Shola grasslands of Munnar, Kodaikanal and the Nilgiris
Habitat of kurinji under destruction
The habitat of Kurinji under destruction: Picture shows kurinji plants growing on the grasslands (behind the white flowers and ferns) and shola forests sandwiched between eucalyptus plantations (right middle) and the denuded mountain ranges (top left).
The kurinji habitats in Munnar, Kodaikanal and the Nilgris are under threat. From the British planters of the Nineteenth century to the present day encroachers, many have converted the habitat of kurinji into plantations. Even the Forest Departments of Kerala and Tamil Nadu share the blame for destruction of the shola forests.

The Britishers had cleared the kurinji habitat mostly for tea plantations. However, they were careful in retaining some of those forests for gaming purposes. Some of them also recognised the importance of having the sholas to maintain the climate.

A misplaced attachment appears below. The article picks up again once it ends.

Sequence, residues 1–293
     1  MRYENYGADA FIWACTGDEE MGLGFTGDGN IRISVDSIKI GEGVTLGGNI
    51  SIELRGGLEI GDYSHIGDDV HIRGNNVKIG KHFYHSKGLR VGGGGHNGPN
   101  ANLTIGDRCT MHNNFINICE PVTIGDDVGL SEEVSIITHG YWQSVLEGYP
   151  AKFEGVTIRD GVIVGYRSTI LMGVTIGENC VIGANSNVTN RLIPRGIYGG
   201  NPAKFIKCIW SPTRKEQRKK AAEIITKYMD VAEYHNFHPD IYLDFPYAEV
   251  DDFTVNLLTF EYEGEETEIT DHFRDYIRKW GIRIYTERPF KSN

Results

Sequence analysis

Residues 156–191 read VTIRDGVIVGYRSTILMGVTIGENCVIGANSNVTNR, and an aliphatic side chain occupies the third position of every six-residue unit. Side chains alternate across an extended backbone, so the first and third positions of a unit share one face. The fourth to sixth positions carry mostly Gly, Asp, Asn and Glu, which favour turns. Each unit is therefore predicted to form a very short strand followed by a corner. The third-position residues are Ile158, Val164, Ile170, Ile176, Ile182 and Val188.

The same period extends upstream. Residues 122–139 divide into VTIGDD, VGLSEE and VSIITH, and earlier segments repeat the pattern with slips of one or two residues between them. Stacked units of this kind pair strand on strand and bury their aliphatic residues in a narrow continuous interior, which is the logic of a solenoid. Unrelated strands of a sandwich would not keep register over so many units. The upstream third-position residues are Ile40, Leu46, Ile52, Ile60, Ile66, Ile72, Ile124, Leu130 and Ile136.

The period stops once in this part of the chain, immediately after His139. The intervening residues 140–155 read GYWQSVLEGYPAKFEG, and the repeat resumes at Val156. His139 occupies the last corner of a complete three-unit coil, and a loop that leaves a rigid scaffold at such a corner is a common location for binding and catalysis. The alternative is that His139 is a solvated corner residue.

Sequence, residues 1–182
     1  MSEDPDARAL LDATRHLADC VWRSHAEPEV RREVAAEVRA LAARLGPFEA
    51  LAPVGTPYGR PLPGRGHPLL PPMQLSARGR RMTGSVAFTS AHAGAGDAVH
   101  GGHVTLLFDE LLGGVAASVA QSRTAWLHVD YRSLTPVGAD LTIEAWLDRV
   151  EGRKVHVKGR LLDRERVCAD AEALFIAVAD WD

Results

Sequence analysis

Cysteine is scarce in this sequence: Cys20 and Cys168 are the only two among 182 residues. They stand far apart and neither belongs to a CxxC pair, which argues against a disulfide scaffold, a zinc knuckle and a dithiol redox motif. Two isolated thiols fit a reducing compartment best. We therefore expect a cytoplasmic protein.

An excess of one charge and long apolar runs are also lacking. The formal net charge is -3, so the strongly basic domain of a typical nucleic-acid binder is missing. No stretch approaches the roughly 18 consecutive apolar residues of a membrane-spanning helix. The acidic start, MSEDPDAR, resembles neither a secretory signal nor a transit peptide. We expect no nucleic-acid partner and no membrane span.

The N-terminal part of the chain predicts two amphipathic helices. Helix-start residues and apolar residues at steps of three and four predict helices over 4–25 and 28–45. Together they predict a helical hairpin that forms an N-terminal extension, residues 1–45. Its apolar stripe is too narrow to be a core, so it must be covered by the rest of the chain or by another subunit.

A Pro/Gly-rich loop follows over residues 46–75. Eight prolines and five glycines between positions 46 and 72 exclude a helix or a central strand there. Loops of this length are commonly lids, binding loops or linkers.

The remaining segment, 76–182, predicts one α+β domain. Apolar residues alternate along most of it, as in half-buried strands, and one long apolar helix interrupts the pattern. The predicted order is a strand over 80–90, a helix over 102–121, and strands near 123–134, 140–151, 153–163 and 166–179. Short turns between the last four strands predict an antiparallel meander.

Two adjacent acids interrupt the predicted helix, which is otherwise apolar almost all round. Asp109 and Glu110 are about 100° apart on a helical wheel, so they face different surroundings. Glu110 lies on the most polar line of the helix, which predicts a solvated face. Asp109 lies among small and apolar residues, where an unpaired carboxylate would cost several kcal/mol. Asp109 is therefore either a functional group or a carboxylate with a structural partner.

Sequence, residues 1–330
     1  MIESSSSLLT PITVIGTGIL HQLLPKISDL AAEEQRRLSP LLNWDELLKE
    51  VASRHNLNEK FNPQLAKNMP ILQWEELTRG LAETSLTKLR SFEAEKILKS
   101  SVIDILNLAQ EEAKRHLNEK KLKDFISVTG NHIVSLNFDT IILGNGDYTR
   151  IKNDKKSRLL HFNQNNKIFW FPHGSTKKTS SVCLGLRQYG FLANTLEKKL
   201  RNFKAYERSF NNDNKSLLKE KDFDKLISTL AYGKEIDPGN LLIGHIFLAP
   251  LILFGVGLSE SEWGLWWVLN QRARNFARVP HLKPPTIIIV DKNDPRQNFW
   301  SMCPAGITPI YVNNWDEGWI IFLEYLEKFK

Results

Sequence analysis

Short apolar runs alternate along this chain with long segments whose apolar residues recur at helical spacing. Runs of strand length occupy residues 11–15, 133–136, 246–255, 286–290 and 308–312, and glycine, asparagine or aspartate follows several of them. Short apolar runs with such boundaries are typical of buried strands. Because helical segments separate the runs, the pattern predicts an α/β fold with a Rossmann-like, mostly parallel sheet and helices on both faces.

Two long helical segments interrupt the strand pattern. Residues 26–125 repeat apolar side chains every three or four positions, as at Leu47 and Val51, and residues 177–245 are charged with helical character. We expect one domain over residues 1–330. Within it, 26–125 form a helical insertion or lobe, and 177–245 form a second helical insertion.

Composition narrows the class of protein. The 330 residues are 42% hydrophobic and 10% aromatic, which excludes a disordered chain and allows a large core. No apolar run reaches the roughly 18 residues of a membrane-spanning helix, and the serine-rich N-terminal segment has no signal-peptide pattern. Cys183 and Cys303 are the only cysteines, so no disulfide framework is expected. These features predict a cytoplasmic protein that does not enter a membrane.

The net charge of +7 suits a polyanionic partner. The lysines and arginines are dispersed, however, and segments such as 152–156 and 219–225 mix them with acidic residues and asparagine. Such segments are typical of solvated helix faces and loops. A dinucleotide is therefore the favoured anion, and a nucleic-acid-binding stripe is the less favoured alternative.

So, we now have vestiges of the shola vegetation such as that in the Eravikulam National Park. The park area was a gaming sanctuary patronised by the managers of the erstwhile Kannan Devan Hill Produce Company. The early documentation of the plants has also come from people such as Robert Wight and Captain Beddome.

The destruction of the shola forests in later years was more devastating. The Kerala Forest Department raised wattle in large areas to feed the tanning industry. Tamil Nadu raised pine forests on the Eastern slopes of Palani hills. Eucalyptus plantations were raised to meet the needs of wood based industries such as the Hindustan Newsprint Limited and the tea factories (which used wood as fuel). Much revenue and forest lands were encroached upon by planters and settlers. Fires caused further damage. The destruction of kurinji habitat was the most on the Tamil Nadu side between Kodaikanal and Munnar in the latter part of the 20th century.